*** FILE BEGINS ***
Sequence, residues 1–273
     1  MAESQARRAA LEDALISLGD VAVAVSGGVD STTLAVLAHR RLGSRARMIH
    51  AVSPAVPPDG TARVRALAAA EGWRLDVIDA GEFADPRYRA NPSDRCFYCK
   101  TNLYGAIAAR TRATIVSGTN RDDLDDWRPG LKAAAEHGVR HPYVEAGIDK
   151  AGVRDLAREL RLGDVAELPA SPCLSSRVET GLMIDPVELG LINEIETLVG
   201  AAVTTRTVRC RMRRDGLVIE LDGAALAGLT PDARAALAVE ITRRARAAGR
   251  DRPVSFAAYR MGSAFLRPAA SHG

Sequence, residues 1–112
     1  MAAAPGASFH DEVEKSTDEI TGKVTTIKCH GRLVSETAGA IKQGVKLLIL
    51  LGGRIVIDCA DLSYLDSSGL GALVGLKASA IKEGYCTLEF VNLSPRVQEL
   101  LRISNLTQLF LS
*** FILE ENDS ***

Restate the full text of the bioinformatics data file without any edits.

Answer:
Sequence, residues 1–273
     1  MAESQARRAA LEDALISLGD VAVAVSGGVD STTLAVLAHR RLGSRARMIH
    51  AVSPAVPPDG TARVRALAAA EGWRLDVIDA GEFADPRYRA NPSDRCFYCK
   101  TNLYGAIAAR TRATIVSGTN RDDLDDWRPG LKAAAEHGVR HPYVEAGIDK
   151  AGVRDLAREL RLGDVAELPA SPCLSSRVET GLMIDPVELG LINEIETLVG
   201  AAVTTRTVRC RMRRDGLVIE LDGAALAGLT PDARAALAVE ITRRARAAGR
   251  DRPVSFAAYR MGSAFLRPAA SHG

Sequence, residues 1–112
     1  MAAAPGASFH DEVEKSTDEI TGKVTTIKCH GRLVSETAGA IKQGVKLLIL
    51  LGGRIVIDCA DLSYLDSSGL GALVGLKASA IKEGYCTLEF VNLSPRVQEL
   101  LRISNLTQLF LS